A group of researchers recently discovered the changes which seem to be a long example about how bacteria passes through soft gels. The researchers were from Boston University, Harvard Medical School and Massachusetts Institute of Technology.
Helicobacter pylori are known to be a bacterium which occupies various areas of the stomach where it causes chronic, low-level inflammation. In addition, it appears to be associated with gastric ulcers and stomach cancer.
It was believed that in order to colonize the stomach, H. pylori should be able to cope with highly acidic conditions in which other bacteria are unable to survive. However, it is recognized that the bacterium seems to achieve this by producing ammonia in order to neutralize the acid in its environment. Furthermore, recently published research shows that it seems to do something else i.e. it changes its surroundings in order to allow freer movement.
Researchers demonstrated that the bacterium which causes human stomach ulcers could perhaps be using an intellectual biochemical approach in order to modify the physical properties of its surroundings. Apparently, this permits the bacterium to move and survive and further take over its host.
Supposedly, acidic conditions inside the stomach also function against the bacteria’s ability to move freely. This is because of a protein called ‘mucin’ which is known to be an essential component of the protective mucus layer in the stomach. In the presence of acid, mucin is noted to form a protective gel. This gel appears to act as a physical barrier which prevents harmful bacteria from reaching the cell wall.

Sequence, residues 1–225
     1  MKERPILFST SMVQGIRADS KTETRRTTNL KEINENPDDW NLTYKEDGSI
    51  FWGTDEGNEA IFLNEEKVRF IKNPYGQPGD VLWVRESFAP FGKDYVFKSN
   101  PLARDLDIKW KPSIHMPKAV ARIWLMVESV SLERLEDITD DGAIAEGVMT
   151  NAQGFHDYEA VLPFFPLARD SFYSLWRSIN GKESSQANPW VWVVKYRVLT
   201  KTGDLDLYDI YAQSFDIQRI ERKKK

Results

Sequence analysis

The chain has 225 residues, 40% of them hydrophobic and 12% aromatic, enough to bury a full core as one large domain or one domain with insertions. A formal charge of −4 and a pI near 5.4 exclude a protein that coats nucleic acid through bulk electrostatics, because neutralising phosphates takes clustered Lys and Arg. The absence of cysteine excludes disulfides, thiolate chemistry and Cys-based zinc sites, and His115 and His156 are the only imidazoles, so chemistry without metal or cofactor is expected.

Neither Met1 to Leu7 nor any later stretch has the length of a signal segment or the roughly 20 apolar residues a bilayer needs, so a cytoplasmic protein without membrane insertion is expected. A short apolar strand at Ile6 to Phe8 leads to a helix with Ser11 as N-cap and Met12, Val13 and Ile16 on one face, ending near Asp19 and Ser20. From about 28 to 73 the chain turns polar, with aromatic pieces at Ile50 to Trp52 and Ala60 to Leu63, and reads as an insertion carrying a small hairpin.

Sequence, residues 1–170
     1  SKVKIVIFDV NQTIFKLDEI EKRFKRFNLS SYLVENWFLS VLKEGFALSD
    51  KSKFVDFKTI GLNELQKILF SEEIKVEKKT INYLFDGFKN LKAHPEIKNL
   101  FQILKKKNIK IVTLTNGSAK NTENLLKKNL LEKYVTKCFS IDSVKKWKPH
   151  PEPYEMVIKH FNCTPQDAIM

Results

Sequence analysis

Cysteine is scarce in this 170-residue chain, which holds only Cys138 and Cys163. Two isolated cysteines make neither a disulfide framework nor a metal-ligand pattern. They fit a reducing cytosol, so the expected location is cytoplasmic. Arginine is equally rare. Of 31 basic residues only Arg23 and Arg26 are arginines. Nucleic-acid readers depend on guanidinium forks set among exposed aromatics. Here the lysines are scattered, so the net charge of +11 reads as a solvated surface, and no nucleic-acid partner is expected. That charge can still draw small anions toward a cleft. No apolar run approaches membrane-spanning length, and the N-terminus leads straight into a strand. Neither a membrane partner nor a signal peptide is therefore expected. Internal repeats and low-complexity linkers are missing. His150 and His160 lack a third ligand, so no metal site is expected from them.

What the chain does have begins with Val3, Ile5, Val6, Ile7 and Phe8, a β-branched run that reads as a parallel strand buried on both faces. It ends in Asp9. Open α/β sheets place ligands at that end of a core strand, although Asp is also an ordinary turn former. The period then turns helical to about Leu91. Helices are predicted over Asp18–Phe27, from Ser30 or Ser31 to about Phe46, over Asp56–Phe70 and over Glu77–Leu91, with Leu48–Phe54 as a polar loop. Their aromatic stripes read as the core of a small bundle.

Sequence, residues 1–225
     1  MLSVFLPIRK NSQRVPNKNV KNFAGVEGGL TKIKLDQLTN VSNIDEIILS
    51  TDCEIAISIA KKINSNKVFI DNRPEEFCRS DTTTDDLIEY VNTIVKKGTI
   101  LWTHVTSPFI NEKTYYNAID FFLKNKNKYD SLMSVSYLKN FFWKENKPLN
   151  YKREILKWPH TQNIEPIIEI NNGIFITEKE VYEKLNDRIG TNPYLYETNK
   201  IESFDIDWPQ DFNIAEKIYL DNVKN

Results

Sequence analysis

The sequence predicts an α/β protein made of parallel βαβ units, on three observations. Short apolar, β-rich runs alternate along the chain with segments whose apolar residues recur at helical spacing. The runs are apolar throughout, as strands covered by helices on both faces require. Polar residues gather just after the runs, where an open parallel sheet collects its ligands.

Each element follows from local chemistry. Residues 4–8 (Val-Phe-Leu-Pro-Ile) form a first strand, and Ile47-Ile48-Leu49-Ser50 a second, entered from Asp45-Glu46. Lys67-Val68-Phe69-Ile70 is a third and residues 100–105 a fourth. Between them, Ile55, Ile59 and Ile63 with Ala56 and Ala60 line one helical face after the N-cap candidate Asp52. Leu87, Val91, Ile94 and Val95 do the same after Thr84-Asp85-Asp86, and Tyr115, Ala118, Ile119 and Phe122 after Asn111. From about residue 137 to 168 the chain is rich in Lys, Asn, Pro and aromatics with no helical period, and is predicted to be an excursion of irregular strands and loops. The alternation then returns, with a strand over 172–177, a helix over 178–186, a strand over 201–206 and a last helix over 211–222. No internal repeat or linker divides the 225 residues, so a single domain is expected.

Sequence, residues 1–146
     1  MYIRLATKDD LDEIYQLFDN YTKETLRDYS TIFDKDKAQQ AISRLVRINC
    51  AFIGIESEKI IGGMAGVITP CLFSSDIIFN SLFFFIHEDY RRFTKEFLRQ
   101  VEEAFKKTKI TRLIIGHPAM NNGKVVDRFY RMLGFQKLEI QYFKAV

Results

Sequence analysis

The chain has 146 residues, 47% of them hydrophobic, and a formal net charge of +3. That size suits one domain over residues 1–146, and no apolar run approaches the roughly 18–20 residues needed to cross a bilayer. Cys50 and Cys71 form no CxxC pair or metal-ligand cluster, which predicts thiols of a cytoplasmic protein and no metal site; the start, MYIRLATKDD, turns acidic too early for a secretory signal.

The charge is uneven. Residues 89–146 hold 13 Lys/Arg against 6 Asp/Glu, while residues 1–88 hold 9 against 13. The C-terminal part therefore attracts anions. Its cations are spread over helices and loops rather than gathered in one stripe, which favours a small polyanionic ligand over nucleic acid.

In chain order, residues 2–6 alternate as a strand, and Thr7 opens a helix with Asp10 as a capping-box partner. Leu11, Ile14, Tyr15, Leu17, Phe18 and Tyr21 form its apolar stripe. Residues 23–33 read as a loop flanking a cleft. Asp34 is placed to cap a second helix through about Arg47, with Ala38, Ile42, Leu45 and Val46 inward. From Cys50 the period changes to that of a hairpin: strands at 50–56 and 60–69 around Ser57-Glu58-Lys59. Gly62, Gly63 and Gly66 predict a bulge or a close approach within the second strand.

But, H. pylori could perhaps increase the pH of its surroundings and change this ‘mucin’ gel into a liquid. Allegedly, this activity allows the bacterium to swim across the mucus barrier, establish colonies, attack surface cells and form ulcers.
Boston University physicist Rama Bansil, working as a Division of Materials Research program manager at the National Science Foundation stated that, “Bacteria ‘swim’ through watery fluids using their tails to propel them. But it was not obvious how they move through a soft gel like mucus.”
With the help of video microscopes, the researchers found that when mucins extracted from mucus were in a liquid state, the bacteria were able to swim freely. However, when mucins were in a gel state, the bacteria seemed to be stuck, even though their tails were rotating. Further advanced imaging techniques revealed that pH appears to change directly and seems to be associated with the ability of the bacteria to move. For instance, the higher the pH, the greater the movement.
“This study indicates that the H. pylori, which is shaped very much like a screw, does not bore its way through the mucus gel like a screw through a cork as has previously been suggested. Instead it achieves motility by using a clever biochemical strategy,” says Bansil.
Researchers anticipate that their work may perhaps pave the way for future studies in native mucus and live animals in order to create strategies for preventing H. pylori infection. Apparently, such researches could be vital to the design of novel therapeutic approaches which prevent the bacteria from colonizing in the initial situation. Moreover, it could perhaps be considerable to the broader question of bacterial infections in mucus linings in other organs.
The findings of the research have been published in The Proceedings of the National Academy of Sciences.